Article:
To those who are in the habit of using tobacco it is a great punishment to be deprived of it, and the deprivation would be a greater inducement to endeavor to escape than any other course which is likely to influence them. If they are not permitted to purchase it I would recommend that it be purchased for them out of the prison fund.
Camp Chase is too remote from this city for me to give the discipline of the paroled troops there my personal supervision, and it is very possible that there has been a want of attention on the part of the commanding officer. The camp is under the immediate command of Colonel William Wallace, Fifteenth Regiment Ohio Volunteers, and makes a part of the command of Brigadier-General Mason, whose headquarters are at Columbus, and they are the officers who are responsible for the good order and discipline of all troops at the camp. General Mason furnishes to my office try-monthly reports of all arrivals and departures of paroled officers and men, but he makes no reports of the condition of the troops at the camp, and I have, therefore, had no means of ascertaining whether a satisfactory state of discipline is kept up or not.
The arrangements which I had ordered for cooking were made with a view to economy in expense, labor, and fuel, and for greater conveniences. I found at all the camps camp-kettles, skillets, and frying pans in general use, which wasted the rations, and an consequence of the numerous fires used required an extravagant quantity of fuel. At one camp the fuel cost $10,000 a month. To remedy this great evil I ordered the purchase of "Farmer's boilers," which hold from thirty to sixty gallons and require but a small quantity of wood. They were put in use at Johnson's Island for the guard and prisoners and were purchased by other camps, but owing to the inefficiency of the commanders, and, as I am induced to believe, the influence of contractors, these boilers were only put in partial use or not at all, and the prisoners having been about that time sent forward for exchange, the failure in this matter did not come to my notice.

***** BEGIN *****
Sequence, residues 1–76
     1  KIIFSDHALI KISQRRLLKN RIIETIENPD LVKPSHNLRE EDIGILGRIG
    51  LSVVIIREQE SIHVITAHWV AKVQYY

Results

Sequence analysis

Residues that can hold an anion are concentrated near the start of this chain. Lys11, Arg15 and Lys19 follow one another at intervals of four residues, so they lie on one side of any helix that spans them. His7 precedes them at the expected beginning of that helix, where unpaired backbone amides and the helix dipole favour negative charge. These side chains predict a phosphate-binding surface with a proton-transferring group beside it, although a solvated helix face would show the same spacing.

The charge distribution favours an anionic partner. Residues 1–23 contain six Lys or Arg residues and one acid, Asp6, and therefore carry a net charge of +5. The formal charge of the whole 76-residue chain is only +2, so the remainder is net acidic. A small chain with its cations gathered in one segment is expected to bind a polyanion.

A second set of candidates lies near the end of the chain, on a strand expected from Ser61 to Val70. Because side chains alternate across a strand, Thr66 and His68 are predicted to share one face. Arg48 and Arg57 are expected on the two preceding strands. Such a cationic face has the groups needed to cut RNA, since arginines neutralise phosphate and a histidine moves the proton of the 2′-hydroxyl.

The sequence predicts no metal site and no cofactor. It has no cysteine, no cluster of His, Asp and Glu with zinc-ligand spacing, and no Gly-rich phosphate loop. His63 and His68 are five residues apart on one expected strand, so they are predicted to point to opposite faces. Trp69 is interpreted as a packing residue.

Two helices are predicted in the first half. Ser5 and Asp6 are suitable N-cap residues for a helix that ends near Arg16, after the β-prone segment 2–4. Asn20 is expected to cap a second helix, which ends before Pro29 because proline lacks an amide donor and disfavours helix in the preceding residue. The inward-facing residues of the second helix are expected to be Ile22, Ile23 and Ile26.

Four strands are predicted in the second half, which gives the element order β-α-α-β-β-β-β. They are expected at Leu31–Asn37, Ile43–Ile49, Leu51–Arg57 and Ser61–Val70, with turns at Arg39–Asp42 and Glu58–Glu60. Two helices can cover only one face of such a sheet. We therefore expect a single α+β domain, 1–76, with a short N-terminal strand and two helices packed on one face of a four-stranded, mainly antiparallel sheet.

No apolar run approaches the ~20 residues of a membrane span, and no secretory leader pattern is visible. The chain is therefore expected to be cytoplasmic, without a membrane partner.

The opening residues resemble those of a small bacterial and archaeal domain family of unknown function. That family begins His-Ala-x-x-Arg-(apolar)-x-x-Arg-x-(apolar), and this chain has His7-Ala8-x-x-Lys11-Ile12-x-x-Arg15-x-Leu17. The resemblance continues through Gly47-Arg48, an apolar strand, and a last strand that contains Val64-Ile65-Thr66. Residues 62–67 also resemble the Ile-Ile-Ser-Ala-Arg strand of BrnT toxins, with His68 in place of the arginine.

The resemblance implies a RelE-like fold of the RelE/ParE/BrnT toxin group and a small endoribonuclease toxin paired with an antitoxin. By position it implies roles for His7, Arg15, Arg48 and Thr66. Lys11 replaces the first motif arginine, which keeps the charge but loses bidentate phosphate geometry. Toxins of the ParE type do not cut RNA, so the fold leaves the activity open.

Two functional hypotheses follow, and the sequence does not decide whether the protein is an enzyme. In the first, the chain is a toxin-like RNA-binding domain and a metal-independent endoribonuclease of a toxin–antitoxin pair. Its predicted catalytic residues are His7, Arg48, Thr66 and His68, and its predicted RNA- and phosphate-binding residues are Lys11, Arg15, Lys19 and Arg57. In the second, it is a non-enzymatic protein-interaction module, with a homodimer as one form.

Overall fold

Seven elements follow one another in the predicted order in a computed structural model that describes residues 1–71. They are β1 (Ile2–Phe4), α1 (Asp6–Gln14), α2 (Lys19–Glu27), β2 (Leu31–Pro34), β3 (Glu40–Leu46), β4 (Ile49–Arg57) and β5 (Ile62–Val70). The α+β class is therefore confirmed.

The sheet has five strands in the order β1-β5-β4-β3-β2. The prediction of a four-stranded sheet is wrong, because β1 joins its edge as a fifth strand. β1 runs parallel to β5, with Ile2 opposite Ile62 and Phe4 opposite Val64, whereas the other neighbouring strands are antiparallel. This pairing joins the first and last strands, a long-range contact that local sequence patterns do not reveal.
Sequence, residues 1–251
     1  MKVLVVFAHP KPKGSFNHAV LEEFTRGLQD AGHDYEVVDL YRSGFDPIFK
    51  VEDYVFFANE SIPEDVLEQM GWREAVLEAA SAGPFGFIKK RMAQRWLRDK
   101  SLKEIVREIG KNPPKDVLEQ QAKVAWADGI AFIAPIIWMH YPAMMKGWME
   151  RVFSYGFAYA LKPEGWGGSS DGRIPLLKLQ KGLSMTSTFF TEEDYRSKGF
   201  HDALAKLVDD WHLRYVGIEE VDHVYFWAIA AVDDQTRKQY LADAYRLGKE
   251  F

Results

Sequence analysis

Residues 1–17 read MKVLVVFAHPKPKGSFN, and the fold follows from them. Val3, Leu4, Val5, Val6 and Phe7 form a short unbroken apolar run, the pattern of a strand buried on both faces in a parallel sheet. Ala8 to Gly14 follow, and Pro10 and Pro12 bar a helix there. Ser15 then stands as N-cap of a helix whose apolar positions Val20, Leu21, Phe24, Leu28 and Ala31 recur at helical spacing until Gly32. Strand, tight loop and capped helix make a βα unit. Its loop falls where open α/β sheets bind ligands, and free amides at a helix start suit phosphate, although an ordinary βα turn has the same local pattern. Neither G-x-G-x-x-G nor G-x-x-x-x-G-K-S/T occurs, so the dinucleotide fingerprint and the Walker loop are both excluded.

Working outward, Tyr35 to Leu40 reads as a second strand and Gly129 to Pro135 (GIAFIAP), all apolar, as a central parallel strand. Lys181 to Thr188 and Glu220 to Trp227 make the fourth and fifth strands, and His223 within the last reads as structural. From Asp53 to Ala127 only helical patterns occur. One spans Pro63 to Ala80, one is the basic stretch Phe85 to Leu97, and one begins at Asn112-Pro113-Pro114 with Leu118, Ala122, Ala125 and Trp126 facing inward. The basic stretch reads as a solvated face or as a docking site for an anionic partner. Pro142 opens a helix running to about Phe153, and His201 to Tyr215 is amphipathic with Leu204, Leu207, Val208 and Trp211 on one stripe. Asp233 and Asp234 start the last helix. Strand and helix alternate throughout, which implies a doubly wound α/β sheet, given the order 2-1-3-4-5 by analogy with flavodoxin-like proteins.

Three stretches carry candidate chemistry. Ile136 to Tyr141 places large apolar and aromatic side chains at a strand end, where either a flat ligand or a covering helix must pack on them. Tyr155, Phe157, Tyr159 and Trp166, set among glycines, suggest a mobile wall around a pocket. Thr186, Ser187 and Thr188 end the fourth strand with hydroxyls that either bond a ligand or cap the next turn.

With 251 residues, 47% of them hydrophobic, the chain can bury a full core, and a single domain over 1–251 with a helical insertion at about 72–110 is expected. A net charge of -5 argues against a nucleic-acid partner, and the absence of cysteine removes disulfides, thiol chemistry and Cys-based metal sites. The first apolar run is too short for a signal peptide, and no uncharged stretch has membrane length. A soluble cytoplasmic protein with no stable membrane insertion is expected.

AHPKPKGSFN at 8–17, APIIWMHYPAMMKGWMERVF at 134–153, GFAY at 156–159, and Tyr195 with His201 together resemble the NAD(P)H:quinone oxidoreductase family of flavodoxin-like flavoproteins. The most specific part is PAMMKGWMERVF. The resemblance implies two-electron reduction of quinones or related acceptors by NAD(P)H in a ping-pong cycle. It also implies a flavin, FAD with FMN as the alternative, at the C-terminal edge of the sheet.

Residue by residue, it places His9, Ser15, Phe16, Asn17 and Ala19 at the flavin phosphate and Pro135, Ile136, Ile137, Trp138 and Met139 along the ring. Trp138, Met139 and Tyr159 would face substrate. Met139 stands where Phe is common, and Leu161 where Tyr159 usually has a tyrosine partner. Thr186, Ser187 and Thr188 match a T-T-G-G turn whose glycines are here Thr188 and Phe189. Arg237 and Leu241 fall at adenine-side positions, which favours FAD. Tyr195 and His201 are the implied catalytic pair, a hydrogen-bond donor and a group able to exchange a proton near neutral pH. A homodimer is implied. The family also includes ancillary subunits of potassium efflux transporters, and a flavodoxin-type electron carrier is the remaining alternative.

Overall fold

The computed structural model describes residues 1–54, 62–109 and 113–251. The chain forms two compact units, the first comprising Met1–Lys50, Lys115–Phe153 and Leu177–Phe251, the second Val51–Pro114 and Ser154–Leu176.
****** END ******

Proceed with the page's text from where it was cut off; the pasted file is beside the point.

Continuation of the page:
Recently I have repeated the orders on this subject and have insisted that they shall be carried out, but owing to the great demand for these boilers some time must elapse before they can be procured. They have been supplied for the depot at Rock Island. As another means of saving fuel I ordered the purchase of a portable circular saw out of the prison fund for the cutting of wood, by which the great waste by chopping with an ax was avoided, and at Camp Douglas, where so much was paid for fuel, a large reduction was made.
I think there can be no great waste of provisions at any of these camps because I have adopted a scale for the issue of rations based on what was found to be, on trial, a sufficient allowance, and the difference between this and the allowance by regulations, a large percentage, is the 'savings" which, sold to the commissary, makes the prisoners' fund, which varies from $3,000 to $20,000 at the several camps. There may be an appearance of waste at times growing out of the purchase of articles from the sutler, or the use of vegetables which would make a surplus of some part of the ration which cannot be saved. When the provisions are divided into small parcels and cooked in small messes, which, I presume, is the case reported, it likely to create a deficiency of the ration than any surplus to waste.
All of which is respectfully submitted.
Very respectfully, your obedient servant,
Colonel Third Infantry, Commissary-General of Prisoners.